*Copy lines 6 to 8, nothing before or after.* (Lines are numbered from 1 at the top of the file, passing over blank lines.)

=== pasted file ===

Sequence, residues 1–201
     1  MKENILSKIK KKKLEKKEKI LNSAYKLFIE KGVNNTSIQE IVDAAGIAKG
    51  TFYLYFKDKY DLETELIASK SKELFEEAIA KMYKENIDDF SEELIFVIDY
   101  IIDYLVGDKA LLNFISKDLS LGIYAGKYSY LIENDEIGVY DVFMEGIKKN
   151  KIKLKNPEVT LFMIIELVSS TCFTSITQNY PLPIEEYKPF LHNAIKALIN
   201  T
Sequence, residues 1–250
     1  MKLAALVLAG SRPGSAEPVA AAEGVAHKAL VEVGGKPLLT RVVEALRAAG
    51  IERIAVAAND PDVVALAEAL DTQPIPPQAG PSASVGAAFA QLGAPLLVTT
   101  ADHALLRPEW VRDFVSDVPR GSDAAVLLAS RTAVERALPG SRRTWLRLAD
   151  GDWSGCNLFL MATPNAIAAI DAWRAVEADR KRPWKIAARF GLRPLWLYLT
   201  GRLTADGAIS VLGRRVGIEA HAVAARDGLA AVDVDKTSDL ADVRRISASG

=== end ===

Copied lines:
   201  T
Sequence, residues 1–250
     1  MKLAALVLAG SRPGSAEPVA AAEGVAHKAL VEVGGKPLLT RVVEALRAAG